Posted on May 23, 2019 by Mattias
Sparv Embedded is helping Linköping University to integrate a high precision CH4 (methane) sensor from Aeris Technologies with the Sparvio system. The sensor has an unprecedented CH4 resolution for its size, measuring variations smaller than one ppb (parts per billion). This is more than enough to map background levels, around 2 ppm. To use the same unit, the sensor measures at 0.0001 ppm resolution. After we adapted the sensor for UAV use, the payload weighs in at 1.8 kg. This is light enough to be flow around 10 minutes with a fairly small quadcopter. If given more attention, the weight could be pushed down a lot more.
This offers an exciting possibility for more convenient sampling of methane, a gas with a greenhouse effect 84 times stronger than carbon dioxide when counted over 20 years after releasing the gas into the atmosphere. In spite of this, methane emissions are still largely ignored by industries and regulation. Can more measurements help to raise awareness of the environmental importance of methane?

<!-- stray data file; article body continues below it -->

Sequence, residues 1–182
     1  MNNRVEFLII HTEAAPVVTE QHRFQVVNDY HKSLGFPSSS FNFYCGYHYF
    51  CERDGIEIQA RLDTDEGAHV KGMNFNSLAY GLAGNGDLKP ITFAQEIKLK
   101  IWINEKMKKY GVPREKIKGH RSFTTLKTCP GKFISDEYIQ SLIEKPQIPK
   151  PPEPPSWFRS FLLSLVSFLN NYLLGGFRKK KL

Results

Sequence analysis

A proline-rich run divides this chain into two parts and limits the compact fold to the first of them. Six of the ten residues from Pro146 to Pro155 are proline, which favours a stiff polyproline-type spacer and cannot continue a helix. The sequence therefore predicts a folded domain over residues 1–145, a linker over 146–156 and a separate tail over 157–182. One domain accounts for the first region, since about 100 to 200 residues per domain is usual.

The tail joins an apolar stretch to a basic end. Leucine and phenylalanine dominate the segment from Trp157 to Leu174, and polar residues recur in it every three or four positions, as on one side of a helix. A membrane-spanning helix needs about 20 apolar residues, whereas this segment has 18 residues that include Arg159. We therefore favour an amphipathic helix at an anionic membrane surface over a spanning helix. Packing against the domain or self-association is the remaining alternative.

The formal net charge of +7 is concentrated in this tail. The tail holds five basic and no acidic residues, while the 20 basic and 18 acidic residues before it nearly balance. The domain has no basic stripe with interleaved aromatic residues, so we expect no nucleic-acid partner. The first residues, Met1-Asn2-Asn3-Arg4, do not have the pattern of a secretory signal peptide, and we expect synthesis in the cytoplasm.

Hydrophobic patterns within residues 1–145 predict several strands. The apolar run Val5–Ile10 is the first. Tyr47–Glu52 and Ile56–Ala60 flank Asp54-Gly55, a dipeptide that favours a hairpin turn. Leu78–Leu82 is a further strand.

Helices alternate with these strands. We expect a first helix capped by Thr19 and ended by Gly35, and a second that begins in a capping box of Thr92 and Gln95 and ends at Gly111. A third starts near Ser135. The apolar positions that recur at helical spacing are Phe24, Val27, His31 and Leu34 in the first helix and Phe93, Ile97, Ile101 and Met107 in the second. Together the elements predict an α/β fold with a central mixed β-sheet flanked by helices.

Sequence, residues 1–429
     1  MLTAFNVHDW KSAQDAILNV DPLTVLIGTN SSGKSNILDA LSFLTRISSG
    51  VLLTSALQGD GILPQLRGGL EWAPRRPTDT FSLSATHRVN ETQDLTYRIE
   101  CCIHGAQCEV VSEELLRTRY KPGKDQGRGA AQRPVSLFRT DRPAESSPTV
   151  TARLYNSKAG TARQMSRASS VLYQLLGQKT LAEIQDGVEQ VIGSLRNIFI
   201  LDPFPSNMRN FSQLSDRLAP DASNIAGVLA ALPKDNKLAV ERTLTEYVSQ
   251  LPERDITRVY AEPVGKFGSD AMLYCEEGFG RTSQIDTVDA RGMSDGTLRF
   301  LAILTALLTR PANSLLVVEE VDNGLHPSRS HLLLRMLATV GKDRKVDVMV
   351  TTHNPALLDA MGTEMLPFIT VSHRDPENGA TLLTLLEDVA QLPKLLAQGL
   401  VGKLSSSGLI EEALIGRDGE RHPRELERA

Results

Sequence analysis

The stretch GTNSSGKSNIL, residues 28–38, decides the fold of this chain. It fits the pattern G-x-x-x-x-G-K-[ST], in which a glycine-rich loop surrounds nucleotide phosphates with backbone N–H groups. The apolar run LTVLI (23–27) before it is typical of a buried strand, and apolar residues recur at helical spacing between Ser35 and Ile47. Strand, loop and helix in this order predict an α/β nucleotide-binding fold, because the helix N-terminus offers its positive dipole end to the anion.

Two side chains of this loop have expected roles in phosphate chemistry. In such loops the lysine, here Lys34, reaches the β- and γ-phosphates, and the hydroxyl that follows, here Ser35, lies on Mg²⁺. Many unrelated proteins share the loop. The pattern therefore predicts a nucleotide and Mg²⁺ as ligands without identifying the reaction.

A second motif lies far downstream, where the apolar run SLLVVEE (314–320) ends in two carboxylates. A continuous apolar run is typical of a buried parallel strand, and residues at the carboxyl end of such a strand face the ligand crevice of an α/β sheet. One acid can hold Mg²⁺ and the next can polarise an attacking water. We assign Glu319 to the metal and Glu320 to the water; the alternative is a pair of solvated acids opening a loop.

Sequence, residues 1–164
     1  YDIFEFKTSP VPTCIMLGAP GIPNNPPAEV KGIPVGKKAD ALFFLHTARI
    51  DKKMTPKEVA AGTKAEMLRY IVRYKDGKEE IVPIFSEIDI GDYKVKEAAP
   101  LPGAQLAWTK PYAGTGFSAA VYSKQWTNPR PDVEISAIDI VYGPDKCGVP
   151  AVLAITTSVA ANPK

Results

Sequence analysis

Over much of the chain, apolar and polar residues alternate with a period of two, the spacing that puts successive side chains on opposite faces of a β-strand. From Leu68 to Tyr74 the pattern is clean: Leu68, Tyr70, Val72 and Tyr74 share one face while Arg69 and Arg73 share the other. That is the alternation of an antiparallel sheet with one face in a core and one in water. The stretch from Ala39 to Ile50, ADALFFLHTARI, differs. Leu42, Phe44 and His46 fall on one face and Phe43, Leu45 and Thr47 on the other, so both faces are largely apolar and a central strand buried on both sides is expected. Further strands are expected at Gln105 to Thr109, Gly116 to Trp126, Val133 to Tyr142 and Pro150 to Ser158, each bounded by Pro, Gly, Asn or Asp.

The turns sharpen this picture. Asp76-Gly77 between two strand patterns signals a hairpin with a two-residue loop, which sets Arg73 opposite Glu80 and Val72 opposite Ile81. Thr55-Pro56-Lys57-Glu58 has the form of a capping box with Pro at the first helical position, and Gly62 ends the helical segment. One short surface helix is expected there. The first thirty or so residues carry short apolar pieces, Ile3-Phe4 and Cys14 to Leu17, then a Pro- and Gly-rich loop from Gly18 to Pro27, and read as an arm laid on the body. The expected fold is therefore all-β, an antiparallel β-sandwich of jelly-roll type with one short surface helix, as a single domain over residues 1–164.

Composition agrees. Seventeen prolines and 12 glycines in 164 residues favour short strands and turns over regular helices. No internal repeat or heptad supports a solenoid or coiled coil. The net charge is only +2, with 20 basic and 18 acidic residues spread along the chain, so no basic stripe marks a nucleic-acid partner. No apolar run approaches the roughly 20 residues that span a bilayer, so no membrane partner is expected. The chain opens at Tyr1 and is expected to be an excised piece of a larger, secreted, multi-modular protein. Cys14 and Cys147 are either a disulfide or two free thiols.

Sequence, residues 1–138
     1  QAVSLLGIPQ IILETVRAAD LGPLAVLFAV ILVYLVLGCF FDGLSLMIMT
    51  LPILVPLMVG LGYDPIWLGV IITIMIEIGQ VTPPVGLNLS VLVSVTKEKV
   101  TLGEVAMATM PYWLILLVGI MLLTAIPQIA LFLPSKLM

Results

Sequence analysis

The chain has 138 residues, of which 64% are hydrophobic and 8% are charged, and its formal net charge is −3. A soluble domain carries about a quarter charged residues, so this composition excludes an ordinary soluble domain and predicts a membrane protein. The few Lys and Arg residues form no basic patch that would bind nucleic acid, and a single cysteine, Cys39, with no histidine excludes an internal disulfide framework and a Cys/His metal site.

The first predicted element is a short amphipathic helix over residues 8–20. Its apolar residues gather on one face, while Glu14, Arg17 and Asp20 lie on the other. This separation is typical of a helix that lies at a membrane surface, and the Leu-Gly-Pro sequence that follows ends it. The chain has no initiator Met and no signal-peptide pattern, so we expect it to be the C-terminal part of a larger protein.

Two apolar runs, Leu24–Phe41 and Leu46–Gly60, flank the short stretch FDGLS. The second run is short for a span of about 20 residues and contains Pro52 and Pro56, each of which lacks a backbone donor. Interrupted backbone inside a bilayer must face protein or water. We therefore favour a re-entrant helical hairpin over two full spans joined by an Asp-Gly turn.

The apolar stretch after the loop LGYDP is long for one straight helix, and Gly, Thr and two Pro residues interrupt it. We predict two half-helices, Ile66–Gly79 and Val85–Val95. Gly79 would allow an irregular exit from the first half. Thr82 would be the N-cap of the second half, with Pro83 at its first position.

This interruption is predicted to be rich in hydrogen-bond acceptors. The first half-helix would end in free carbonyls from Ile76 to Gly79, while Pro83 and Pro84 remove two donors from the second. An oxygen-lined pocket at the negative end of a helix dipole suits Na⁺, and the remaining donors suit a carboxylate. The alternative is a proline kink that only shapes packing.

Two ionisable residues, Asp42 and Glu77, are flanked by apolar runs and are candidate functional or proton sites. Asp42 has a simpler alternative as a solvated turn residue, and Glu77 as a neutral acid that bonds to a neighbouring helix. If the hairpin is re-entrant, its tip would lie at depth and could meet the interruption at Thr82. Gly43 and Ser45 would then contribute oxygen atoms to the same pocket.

The picture below is from the preparations for a demo on May 15th. It shows a quadcopter hovering with the white Aeris sensor attached underneath. The quadcopter also carries a Sparvio sensor system that synchronizes data from Aeris with readings from an ultrasonic wind sensor, GPS and other sensors. Sparvio logs all data and transmits it to a ground station to visualize on a map in real-time. In the end, the combination of all data will be used to calculate not only the location of methane emission sources, but also the quantity of gas flow.